Grains Research and Development

Date: 01.01.2000

Editorial

Photo of John Lovett

In this issue of Ground Cover, we are very pleased to highlight the positive contributions that leading edge cropping groups are making to their local economies.

Evidence that the grains industry is helping to stabilise and inject new vigour into regional towns is readily apparent from the stories you'll find starting on p9.

The cropping groups we showcase are just some of many around the country that have been establishing best practice methods, exploring and demonstrating new ideas and technologies. The pay-off has been evident with a healthier bottom line both for individual farmers and for the regional and rural economy.

Integrating innovative cropping methods and catchment management goals is high on the agenda of some groups, such as the Mingenew-Irwin Group in WA. This focus is certain to become more widespread as farming communities struggle to cope with widespread salinity and other soil problems that limit production — see also our stories p3, 4.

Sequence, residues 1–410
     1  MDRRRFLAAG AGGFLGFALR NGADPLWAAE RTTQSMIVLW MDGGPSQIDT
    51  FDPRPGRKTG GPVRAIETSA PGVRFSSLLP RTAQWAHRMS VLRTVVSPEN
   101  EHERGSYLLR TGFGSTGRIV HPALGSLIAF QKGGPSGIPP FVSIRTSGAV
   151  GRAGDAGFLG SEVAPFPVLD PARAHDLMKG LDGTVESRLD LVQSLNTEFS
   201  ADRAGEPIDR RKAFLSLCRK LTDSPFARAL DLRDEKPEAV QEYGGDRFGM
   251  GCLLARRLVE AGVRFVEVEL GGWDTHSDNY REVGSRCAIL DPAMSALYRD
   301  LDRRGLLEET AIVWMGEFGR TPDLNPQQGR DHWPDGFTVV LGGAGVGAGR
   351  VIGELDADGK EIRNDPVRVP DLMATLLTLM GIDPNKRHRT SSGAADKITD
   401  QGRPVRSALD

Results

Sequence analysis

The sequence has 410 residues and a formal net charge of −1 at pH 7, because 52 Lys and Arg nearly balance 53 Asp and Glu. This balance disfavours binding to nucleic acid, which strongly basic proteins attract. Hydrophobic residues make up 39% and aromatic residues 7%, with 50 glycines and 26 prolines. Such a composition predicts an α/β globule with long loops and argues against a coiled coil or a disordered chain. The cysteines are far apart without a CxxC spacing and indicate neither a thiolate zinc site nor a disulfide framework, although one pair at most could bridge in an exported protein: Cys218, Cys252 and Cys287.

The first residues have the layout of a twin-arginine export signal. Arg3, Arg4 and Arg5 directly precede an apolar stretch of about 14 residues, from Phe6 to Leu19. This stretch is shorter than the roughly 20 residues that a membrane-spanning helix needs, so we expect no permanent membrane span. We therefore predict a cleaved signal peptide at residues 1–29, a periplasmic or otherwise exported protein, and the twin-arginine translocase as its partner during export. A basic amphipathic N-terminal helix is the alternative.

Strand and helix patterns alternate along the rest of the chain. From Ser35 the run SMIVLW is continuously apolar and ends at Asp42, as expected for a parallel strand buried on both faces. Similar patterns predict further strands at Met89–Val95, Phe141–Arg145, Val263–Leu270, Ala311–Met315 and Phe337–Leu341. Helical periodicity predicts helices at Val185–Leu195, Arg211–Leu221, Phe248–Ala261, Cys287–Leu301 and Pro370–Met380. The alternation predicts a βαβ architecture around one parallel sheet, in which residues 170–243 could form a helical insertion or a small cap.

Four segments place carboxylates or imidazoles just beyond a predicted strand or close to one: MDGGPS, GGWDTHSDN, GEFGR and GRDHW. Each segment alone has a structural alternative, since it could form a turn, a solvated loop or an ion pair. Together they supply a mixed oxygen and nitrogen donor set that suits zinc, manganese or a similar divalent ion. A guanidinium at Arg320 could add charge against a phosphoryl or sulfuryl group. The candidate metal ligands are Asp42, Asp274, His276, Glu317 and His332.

Looking at Walgett, in north-west NSW, we showcase a successful conversion to more cropping in country that epitomises the challenges of a variable climate.

Previous steep declines in wool prices affected the economic health of the entire community. The switch to grains is reversing that trend. Similar concerns with grazing returns, this time in high-rainfall country, led to the establishment of Southern Farming Systems. This cropping group has gathered momentum at a phenomenal rate, and involves more than 1,000 farmers and supports communities in Victoria, South Australia and Tasmania.

One of the pioneers of Australia's leading edge farmer groups draws its membership from around Birchip in the Victorian Mallee. Research and development here — trialing everything from new varieties to complete farming systems — have been well supported by the GRDC as well as by state and private sponsors.

Investment by growers and the Federal government through the GRDC in these and other cropping groups is yielding excellent returns in knowledge and innovation for farmers both regionally and nationally and for their communities.